Claims (26)

  1. 1. A wafer processing apparatus, comprising:
    a coating layer; and
    a seal structure in contact with the coating layer, wherein the seal structure is formed from a seal formable material comprising at least one of a YASB glassy composition, an CGYP glassy composition, or a combination of the YASB glassy composition and the CGYP glassy composition.
  2. 2. The wafer processing apparatus as defined in claim 1, wherein the YASB glassy composition comprises the reaction product of yttrium oxide, aluminum oxide, boron oxide, and silica.
  3. 3. The wafer processing apparatus as defined in claim 2, wherein the YASB glassy composition comprises a material having a molar oxide percentage selected from the group consisting of Y2Al2BSi5O17.5; Y1.6Al2.2BSi5.2O17.6; YAl2BSi6O18; Y0.6Al2.2BSi6.2O18.1; Y2AlBSi6O18; and Y1.6Al1.2BSi6.2O18.1.
  4. 4. The wafer processing apparatus as defined in claim 1, wherein the CGYP glassy composition comprises the reaction product of at least one of calcium oxide or strontium oxide; and at least one of gallium oxide or aluminum oxide or yttrium oxide; and ammonium phosphate; and silica.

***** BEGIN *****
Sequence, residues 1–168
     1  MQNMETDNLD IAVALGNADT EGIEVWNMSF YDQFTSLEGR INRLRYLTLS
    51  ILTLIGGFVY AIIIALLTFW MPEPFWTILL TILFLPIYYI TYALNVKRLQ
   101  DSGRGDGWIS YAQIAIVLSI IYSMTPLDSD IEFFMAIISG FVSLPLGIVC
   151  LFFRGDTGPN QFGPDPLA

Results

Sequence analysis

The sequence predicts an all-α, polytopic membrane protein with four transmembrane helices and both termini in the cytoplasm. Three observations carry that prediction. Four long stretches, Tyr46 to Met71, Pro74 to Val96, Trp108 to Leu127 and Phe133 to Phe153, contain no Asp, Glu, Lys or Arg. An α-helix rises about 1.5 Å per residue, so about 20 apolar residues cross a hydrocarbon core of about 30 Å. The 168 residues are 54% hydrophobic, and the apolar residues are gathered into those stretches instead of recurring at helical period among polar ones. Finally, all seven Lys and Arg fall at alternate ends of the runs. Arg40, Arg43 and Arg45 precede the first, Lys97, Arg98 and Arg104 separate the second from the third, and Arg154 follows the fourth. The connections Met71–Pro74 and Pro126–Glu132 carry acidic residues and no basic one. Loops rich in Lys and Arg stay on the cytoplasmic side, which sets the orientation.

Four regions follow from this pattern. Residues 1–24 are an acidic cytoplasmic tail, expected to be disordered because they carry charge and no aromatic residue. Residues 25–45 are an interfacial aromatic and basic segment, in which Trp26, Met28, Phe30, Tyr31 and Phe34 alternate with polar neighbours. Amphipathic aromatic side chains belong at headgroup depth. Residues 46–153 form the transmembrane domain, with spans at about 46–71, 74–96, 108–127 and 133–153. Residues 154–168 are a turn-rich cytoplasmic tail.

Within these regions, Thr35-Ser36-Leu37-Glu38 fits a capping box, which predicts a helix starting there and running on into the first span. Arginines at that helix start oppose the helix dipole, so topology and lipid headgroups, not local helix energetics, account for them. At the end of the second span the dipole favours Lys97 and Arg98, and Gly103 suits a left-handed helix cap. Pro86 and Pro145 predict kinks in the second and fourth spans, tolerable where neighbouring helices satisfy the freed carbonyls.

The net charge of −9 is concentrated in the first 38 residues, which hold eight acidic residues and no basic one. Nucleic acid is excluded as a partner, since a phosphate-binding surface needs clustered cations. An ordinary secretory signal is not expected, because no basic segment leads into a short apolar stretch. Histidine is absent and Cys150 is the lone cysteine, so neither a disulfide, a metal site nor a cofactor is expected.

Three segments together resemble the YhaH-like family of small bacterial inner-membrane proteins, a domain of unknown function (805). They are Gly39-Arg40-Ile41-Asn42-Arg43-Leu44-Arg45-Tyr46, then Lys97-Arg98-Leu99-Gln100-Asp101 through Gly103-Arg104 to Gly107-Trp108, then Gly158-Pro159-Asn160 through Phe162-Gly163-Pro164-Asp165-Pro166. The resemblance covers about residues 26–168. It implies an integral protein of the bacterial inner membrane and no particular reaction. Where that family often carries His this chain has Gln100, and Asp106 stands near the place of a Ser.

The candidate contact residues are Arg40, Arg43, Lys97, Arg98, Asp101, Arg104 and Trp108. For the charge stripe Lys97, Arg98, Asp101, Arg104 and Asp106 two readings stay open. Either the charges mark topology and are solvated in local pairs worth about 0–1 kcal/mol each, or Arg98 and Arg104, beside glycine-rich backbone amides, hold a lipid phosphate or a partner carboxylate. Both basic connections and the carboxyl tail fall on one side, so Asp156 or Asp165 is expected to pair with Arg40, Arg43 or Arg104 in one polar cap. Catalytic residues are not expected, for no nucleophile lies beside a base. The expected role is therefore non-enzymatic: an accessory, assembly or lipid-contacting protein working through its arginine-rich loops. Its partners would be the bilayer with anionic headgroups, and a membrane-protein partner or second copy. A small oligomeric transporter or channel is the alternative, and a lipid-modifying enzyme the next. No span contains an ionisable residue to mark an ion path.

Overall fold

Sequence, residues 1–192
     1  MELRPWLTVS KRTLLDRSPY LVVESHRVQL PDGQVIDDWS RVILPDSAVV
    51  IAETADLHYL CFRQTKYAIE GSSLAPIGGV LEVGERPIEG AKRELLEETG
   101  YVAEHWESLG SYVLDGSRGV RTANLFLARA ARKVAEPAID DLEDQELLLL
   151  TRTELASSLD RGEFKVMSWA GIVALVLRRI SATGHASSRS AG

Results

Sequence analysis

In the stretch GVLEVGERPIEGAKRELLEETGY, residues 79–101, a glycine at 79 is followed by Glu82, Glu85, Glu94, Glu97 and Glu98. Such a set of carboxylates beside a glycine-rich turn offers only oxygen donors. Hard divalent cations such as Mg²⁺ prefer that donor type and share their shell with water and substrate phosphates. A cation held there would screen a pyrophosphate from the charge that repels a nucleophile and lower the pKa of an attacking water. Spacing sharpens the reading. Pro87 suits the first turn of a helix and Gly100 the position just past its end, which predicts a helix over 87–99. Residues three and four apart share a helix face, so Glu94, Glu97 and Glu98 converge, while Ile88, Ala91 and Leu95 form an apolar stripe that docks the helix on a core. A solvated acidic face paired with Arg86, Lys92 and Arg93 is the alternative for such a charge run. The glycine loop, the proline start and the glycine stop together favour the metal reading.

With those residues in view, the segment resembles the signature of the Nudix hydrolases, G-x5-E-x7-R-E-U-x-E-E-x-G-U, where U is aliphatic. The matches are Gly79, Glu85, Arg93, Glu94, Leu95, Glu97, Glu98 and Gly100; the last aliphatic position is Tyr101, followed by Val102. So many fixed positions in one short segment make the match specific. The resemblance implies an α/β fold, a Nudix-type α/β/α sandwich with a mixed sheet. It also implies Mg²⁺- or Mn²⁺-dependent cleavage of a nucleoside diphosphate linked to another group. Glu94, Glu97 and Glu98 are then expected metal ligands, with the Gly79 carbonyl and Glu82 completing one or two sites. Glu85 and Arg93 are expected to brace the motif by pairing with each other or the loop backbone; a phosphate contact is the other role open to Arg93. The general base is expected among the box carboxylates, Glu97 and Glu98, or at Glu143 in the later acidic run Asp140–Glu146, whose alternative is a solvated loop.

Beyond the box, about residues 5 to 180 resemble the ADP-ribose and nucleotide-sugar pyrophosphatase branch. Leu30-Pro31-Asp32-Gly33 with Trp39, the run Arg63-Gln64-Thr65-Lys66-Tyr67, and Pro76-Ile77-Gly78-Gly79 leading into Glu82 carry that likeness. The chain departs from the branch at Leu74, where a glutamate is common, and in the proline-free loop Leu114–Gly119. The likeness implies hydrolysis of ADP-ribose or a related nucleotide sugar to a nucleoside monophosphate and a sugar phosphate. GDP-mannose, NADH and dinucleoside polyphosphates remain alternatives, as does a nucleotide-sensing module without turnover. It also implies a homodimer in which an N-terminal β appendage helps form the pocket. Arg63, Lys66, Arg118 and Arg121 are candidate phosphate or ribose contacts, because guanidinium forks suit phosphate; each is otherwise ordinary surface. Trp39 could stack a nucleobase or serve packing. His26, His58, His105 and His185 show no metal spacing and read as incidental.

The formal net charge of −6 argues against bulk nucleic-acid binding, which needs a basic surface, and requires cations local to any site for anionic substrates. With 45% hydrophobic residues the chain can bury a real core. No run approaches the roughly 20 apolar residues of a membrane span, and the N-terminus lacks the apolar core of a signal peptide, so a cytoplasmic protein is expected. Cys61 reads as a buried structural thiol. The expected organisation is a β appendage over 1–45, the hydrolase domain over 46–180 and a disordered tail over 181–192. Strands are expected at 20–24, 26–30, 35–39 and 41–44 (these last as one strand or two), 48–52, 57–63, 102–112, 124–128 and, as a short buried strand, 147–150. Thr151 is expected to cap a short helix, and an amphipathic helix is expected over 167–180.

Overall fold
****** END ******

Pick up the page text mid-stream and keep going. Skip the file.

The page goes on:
5. 5. The wafer processing apparatus as defined in claim 4, wherein the CGYP glassy composition comprises a material selected from the group consisting of CaSrGaAlP2SiO12; CaSrAlYP2SiO12; CaSrAl1.25Y0.75P2SiO12; Ca2Ga2P2SiO12; CaSrGa2P2SiO12; CaSrAl2P2SiO12; CaSrY2P2SiO12; Ca2Y2P2SiO12; Ca2AlYP2SiO12; and CaSrAl0.5Y1.5P2SiO12.
  6. 6. The wafer processing apparatus as defined in claim 1, wherein the combination of the YASB glassy composition and the CGYP glassy composition has a ratio of the YASB glassy composition to the CGYP glassy composition is in a range of from about 0.05:1 to about 500:1.